Presentation on theme: "How democratic is the UK?"— Presentation transcript:
1How democratic is the UK? DO NOWTake turns explaining these terms to the other students on your tables, using examples wherever possible:Direct democracyRepresentative democracyLiberal democracyParliamentary democracy
2Learning objectivesTo explain the democratic underpinnings of the UK political systemTo explore some limits to democracy under the ‘Westminster’ modelTo prepare for our first extended writing task
3Essay task‘The parliamentary system in the UK is significantly undemocratic.’ Discuss. (25)You must address at least three of the four topics we will cover in class today, i.e.Bias in the voting systemDeclining political participationFusion of legislative and executive functionsThe influence of undemocratic institutions
5Constituencies at-a-glance There are 650 electoral constituencies in the UK—533 in England, 59 in Scotland, 40 in Wales and 18 in Northern Ireland.The average number of voters in each constituency is currently ~68,175.Registered voters in each constituency elect one Member of Parliament, who sits in the House of Commons, using a first-past-the-post voting system.The number of constituencies, their size, composition and borders are regulated by the Boundary Commissions for each of the four countries.The map shows the outcome of the 2010 General Election by constituency.
8What are the three branches of government? ExecutiveLegislativeJudiciaryWhat it doesMakes policyPasses lawsInterprets lawsUK examplePrime Minister & CabinetParliamentSupreme Court and Judiciary
9What is the separation of powers? ElectorateLegitimacy & AccountabilityExecutive(President & Cabinet)Checks and balancesLegislative(Congress)Judiciary(Congress)ElectorateLegitimacy & Accountability
10What is parliamentary government? Executive(Prime minister & Cabinet)PersonnelAccountabilityLegislative(Parliament)ElectorateLegitimacy & Accountability
11What is parliamentary government? Executive(Prime minister & Cabinet)PersonnelAccountabilityHouse of CommonsHouse of LordsElectorateLegitimacy & Accountability
12Parliament as a representative body There are problems with how Parliament is seen as a representative body, because there are different interpretations of representation. As an elected body, it legitimises executive power, but serves also to link citizens with the political process. It acts as a safety valve and allows MPs in Parliament to articulate the interests of different groups in society to government. Parliament fulfils the task of both general and specific representation. The representation of constituents’ grievances is a traditional role of MPs. The significance of Parliament to the public is reflected in the extent to which it remains a magnet for the expression of opinion and dissent. Millions of letters flow into Parliament each year. Organisations arrange mass lobbies of MPs. Protesters stand with banners and megaphones outside Parliament. These huge demonstrations show that, for many citizens, Parliament remains relevant.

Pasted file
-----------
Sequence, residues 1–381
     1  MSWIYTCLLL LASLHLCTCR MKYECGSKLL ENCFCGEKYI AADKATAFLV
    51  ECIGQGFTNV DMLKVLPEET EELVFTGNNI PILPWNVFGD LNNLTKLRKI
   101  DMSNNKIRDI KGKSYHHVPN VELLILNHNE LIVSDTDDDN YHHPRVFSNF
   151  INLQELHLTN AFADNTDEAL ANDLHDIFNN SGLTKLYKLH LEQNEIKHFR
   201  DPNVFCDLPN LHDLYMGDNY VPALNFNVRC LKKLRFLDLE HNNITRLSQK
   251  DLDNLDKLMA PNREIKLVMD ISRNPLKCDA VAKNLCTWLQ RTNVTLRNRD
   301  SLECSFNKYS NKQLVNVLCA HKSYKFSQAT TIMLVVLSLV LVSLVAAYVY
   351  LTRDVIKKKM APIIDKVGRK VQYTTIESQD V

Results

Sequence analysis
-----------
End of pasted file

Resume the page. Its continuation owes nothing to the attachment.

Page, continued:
13Group research taskEach group has 15 mins to review the chapter and to identify what they need to know more about in order to explain their specific topic.They will then have 20 mins to prepare a short presentation on their topic.Presentations should be no longer than 5 mins and should include analysis rooted in specific evidence.
14Essay task‘The parliamentary system in the UK is significantly undemocratic.’ Discuss. (25)You must address at least three of the four topics we will cover in class today, i.e.Bias in the voting systemDeclining political participationFusion of legislative and executive functionsThe influence of undemocratic institutions
15PlenaryWhat other limitations on representative democracy in the UK can you think of?